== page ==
Perspectives of Future Development in International Arbitration - Chapter 33
Karl-Heinz Böckstiegel is an Independent Arbitrator and Professor Emeritus of International Business Law at the University of Cologne (Germany). Professor Böckstiegel is President of the German Institution of Arbitration (DIS), a Member of ICCA and the ICC Arbitration Commission. He was previosuly President of the LCIA (1993-1997); President, Iran-United States Claims Tribunal (1984-1988); Panel Chairman, United Nations Compensation Commission (UNCC) 1994-1996; President, German Association of International Law (1993-2006); and President, International Law Association (2004-2006).
When Lawrence Newman and Richard Hill approached me regarding a contribution to the first edition of their intended Guide, I agreed with pleasure. The subject and scope of the publication as well as the authors they mentioned looked like ensuring an interesting publication. Furthermore, many of the other authors are well known to me from personal cooperation over the years in institutions and cases of international arbitration. The success of the book and of related conferences made the project of a second edition an obvious choice and it is a pleasure to update my contribution for that purpose.
Though the usual pending load of current arbitration cases motivates one to comment on more practical issues of arbitration, his suggestion for me to deal with future perspectives looked both intellectually stimulating and dangerous. The danger comes from the inevitably subjective and speculative character of such considerations. The subjectivity remains despite my own practical experience involving cases in the very different major arbitration systems throughout the world, and the speculation can only be tested by the future reader as time goes on.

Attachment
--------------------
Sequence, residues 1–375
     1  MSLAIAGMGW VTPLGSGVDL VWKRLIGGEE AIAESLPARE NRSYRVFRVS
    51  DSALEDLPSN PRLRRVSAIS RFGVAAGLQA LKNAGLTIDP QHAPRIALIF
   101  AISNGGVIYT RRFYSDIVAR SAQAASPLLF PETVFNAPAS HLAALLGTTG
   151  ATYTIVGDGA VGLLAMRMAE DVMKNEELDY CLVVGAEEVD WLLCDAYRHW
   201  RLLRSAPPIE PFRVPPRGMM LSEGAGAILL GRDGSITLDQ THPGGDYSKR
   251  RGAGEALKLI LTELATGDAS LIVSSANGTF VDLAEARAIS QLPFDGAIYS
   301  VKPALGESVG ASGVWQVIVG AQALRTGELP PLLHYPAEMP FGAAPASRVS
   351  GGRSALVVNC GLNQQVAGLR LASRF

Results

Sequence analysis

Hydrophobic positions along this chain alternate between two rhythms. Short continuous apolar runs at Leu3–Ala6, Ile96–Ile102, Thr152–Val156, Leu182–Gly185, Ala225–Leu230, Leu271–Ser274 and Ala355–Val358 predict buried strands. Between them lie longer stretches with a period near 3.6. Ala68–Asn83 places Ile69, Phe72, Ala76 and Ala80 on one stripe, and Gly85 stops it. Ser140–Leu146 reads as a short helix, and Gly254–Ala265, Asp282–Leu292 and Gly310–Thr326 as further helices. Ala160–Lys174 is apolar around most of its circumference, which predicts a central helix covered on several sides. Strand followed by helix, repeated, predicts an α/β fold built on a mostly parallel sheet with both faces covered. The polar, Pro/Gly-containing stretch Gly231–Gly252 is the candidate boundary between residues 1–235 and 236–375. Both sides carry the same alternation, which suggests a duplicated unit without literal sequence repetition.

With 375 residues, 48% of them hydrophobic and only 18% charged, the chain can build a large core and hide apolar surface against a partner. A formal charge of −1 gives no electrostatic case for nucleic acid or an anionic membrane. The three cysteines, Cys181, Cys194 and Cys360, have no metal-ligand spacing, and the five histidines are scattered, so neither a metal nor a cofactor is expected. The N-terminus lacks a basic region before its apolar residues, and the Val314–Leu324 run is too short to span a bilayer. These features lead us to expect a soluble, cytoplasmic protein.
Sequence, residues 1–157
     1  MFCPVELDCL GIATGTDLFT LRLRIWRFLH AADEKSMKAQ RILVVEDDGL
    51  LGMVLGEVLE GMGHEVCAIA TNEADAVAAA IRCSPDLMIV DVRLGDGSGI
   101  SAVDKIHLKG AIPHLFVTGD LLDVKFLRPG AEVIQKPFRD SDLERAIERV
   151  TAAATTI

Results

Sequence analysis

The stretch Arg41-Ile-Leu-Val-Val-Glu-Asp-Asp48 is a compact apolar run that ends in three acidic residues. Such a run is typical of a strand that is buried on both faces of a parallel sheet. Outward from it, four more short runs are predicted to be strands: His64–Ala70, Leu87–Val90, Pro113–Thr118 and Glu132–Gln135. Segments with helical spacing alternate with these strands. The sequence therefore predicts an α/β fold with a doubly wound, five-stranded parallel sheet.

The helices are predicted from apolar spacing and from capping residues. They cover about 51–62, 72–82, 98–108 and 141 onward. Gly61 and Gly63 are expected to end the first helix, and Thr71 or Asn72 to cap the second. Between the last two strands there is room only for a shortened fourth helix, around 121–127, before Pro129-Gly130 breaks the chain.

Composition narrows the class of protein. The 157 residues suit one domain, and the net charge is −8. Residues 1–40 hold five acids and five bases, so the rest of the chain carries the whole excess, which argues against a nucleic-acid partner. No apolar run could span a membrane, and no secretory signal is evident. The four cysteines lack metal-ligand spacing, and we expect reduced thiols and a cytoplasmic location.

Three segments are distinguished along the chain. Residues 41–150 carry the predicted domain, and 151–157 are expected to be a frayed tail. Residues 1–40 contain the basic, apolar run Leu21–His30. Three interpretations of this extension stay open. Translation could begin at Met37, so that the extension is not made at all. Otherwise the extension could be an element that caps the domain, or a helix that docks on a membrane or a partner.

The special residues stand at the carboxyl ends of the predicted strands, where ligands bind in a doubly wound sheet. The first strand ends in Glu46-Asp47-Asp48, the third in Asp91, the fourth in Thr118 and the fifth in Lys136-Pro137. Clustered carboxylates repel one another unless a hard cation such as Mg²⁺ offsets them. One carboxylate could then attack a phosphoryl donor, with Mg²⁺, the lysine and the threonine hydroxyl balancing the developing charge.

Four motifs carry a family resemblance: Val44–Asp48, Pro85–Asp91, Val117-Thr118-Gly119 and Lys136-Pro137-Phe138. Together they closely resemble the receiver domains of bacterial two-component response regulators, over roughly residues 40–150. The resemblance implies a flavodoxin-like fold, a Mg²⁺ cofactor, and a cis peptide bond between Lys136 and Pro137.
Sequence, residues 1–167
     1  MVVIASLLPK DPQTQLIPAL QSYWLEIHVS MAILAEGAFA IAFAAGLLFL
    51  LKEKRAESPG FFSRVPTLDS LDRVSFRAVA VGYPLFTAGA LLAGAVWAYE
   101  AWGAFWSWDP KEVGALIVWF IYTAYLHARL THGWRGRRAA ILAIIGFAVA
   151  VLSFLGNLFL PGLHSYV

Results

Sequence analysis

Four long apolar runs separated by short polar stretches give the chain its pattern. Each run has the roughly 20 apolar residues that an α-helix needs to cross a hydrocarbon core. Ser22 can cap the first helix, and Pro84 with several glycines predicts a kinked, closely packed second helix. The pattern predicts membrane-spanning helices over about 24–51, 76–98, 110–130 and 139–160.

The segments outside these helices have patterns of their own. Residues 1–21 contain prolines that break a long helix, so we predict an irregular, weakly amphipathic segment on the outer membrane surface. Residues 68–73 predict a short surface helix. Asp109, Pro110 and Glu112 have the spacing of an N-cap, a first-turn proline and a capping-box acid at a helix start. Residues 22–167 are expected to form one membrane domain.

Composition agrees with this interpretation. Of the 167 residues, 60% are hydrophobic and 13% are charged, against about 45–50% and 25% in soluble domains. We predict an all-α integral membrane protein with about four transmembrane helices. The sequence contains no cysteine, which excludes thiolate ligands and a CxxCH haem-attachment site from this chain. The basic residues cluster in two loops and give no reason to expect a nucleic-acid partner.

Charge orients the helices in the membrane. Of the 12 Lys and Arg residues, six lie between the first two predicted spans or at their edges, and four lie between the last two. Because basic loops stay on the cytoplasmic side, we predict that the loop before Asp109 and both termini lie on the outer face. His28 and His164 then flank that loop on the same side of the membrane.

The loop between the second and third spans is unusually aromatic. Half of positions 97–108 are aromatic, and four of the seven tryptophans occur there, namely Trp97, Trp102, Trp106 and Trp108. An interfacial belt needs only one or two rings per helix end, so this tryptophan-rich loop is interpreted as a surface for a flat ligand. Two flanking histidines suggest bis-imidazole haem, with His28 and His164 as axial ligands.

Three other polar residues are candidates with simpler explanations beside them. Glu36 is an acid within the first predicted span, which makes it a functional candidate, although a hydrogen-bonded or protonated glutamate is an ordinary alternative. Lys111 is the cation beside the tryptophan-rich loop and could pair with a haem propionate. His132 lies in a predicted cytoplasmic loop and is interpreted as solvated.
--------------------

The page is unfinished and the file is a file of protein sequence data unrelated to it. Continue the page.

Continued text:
Finally, in view of the understandable limitations in length that the editor has expressed for contributions to this volume, no more than a few thoughts can be offered and this outline cannot provide any detail or documentation in relation to these thoughts.
II. LOOK TO THE PAST FOR FUTURE PERSPECTIVES
Any serious consideration of possible future developments will have to start by looking at past developments in the respective fields. This is a truism, though, at any point in time, to the observer and even more to the practitioner, the present circumstances, issues, problems and developments will look specific and unique. Most of the time, they are not and, at least, can be better understood if one looks at the developments leading to them. Similarly, future developments will not come “out of the blue,” but will result from past and present developments, both in arbitration itself and in the social, economic and political environment in which the disputes are conducted.
Therefore, it may be at least briefly recalled that the origins of arbitration go back to dispute settlement usages in ancient times, in Europe, in Greece and Rome including Roman law, and in Asia. The Middle Ages revived the Roman tradition and, some centuries later, the French Revolution considered arbitration as a “droit naturel” and the Constitution of 1791 (Article 86) and the Constitution of Year III (Article 210) proclaimed the constitutional right of citizens to resort to arbitration. Parallel thereto, England already had an Arbitration Act of 1697, to which a number of enactments were added over the years up to the “new” Arbitration Act of 1889, which continued to dominate arbitration law in England into the early part of the last Century.